The St. Mary’s College of Maryland (SMCM) ethics bowl team hosted a philosophy club meeting on Nov. 9, at 8 pm in Margaret Brent Hall Classroom 109. The team, composed of Alexis Underwood, Vince Mogilnicki, Maddie Beller, Esteban Caballero and Lindsay Chiavacci also travelled to Poughkeepsie, NY to compete in the Northeast Regional Ethics bowl competition, competing against schools like UMD, Sacred Heart, Villanova, and Yale.
The team asked at their thursday night meeting whether a bad person could be a good artist, and subsequent questions like if aesthetic values can be or should be separated from moral values, and if museums and galleries exhibiting such artists should focus only on the aesthetic value.
Questions like these draw to mind many examples of morally corrupt artists- recent accusations against Kevin Spacey may have fans asking if House of Cards is still a good show, or if viewers themselves would be considered morally irresponsible for viewing the show.
The specific case covered in the meeting wasn’t that of Kevin Spacey, but rather of artist Eric Gill. Gill’s sculptures depict the abuse he enacted on his daughters and sister. Many of these pieces are on display in the Ditchling Museum of ART + CRAFT, in a show that opened on April 29 of this year. The museum not only displayed works depicting the sexual abuse of his daughters and sister, but included Gills “darker history” as part of the exhibition, which was titled “Not Turning a Blind Eye”.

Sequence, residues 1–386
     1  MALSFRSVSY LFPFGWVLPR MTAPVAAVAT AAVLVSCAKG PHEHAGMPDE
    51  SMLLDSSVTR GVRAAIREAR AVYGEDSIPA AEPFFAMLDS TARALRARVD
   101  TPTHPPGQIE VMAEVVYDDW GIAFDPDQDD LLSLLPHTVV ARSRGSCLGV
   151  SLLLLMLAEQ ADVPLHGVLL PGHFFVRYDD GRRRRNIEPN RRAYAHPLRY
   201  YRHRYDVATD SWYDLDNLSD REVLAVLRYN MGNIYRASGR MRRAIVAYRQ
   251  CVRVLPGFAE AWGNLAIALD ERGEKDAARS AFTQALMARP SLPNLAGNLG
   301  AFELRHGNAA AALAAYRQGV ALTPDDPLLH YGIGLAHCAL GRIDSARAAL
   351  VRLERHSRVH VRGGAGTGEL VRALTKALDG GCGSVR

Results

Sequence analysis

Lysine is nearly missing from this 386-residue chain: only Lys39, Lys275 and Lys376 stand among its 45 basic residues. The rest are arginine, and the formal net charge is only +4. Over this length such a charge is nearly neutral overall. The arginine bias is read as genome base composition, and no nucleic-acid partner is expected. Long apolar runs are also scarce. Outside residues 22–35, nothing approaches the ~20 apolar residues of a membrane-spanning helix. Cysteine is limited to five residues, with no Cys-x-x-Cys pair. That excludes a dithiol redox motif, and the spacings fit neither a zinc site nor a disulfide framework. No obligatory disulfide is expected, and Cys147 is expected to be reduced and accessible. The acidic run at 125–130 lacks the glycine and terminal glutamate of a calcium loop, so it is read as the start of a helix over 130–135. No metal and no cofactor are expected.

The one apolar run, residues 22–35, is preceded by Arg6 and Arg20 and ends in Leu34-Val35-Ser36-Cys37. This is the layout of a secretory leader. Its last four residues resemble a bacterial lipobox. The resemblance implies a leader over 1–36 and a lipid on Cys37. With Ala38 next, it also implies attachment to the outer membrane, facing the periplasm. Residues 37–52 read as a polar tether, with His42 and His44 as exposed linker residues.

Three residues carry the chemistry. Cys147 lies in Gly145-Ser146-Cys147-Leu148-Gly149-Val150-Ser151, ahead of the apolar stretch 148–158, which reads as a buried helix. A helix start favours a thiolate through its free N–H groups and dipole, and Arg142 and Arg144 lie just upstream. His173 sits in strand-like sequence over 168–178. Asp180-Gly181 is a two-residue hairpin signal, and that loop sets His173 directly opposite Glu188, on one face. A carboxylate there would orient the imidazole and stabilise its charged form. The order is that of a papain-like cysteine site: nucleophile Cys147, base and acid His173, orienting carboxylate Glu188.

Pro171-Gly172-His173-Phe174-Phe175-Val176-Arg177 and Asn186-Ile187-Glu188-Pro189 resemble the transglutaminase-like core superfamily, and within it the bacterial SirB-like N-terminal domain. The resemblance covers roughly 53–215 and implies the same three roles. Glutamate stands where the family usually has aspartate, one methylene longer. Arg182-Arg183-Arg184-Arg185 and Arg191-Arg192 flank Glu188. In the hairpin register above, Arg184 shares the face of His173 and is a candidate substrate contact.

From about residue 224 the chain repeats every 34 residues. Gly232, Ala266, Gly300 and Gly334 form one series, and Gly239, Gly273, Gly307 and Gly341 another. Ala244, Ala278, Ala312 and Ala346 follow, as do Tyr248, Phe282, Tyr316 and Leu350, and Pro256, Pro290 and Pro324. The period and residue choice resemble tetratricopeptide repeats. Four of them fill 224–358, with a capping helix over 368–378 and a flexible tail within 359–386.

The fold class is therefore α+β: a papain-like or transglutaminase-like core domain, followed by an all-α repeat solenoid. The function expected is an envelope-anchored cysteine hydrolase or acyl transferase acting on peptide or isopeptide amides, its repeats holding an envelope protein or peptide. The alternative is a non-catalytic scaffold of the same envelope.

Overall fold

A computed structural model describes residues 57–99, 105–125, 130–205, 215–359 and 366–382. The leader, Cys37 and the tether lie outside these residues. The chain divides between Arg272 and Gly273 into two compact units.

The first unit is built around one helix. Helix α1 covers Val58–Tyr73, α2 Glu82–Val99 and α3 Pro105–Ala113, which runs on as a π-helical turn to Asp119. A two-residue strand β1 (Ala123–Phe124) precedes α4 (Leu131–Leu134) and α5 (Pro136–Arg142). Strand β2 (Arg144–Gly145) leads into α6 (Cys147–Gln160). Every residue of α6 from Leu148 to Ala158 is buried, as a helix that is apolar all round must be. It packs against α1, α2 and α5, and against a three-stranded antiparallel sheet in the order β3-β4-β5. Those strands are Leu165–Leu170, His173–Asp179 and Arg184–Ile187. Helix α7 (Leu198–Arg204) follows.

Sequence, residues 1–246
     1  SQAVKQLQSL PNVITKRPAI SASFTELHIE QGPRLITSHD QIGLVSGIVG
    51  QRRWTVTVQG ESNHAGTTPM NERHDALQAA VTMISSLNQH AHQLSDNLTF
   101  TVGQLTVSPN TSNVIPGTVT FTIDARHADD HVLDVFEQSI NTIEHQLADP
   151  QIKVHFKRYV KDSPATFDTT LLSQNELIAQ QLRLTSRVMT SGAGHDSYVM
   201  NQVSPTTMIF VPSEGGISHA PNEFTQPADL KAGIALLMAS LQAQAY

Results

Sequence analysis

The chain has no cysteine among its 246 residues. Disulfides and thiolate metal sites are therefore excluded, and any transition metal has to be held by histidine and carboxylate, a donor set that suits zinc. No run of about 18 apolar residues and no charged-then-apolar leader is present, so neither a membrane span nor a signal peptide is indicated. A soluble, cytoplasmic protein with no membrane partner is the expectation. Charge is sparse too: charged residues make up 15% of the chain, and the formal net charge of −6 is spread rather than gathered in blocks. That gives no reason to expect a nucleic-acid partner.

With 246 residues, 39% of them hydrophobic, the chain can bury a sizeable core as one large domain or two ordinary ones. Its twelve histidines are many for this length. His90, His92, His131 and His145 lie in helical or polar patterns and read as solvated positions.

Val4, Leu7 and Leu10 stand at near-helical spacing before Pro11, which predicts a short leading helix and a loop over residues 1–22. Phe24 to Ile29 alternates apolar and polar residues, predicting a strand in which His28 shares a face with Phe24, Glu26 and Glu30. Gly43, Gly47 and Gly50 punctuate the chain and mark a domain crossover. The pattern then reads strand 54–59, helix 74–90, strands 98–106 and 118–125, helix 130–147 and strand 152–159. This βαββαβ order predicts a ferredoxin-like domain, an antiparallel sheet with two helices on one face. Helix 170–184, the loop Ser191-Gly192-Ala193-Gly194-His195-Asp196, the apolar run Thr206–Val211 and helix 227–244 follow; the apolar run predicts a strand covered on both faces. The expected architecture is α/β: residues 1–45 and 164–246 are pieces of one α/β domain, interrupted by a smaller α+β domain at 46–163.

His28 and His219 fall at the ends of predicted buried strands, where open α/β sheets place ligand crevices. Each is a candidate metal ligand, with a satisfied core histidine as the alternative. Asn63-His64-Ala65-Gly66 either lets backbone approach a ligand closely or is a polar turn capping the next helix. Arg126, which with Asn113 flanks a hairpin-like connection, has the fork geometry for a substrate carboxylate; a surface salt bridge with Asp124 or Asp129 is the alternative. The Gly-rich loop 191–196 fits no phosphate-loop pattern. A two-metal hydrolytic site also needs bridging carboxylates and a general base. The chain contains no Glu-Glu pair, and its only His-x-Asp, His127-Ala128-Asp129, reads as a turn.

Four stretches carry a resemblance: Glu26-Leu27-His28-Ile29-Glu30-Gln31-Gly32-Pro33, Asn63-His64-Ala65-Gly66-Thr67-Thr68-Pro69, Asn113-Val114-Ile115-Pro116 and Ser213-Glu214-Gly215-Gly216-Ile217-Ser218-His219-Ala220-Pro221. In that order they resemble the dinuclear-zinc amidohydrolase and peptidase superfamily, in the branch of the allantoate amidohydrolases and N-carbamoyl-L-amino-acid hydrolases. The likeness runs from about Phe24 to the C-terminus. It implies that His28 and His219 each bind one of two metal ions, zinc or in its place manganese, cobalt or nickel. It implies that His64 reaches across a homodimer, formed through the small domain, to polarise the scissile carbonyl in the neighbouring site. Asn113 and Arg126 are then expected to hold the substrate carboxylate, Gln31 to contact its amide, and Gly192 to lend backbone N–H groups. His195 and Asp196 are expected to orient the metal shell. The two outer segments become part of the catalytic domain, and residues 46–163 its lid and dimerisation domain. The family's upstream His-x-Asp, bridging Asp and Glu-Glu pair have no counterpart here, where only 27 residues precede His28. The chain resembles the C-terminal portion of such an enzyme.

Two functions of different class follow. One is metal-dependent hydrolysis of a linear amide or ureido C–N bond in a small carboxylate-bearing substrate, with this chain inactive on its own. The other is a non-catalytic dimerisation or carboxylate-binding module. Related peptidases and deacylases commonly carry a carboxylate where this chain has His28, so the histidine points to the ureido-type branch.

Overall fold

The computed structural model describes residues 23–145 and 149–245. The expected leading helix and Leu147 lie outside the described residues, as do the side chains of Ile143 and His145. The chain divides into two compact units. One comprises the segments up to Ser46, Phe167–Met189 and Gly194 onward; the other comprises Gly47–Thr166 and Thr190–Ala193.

One of the concerns raised about the exhibition is the triggering effect it may have on victims of sexual assault, or even the validating effect it may have on abusers. The SMCM ethics bowl team took the stance that displaying art made by an immoral artist is acceptable “if and only if there is a clear warning that the content may be triggering to some viewers.” They reached this decision using a Kantian Deontological framework to understand the functions of museums.
Mogilnicki explained that museums have a duty to start dialogue, and to display concepts that are not always comfortable. He went on to say that “silence is complicit, not displaying issues we are uncomfortable with does not allow us to learn,” and that “presenting the work does not equate supporting the actions of the artists.”
Chiavacci explained that the Ethics Bowl team also needed to decide how art should be defined, and came to the conclusion that “art is art regardless of if it’s evil or morally responsible.”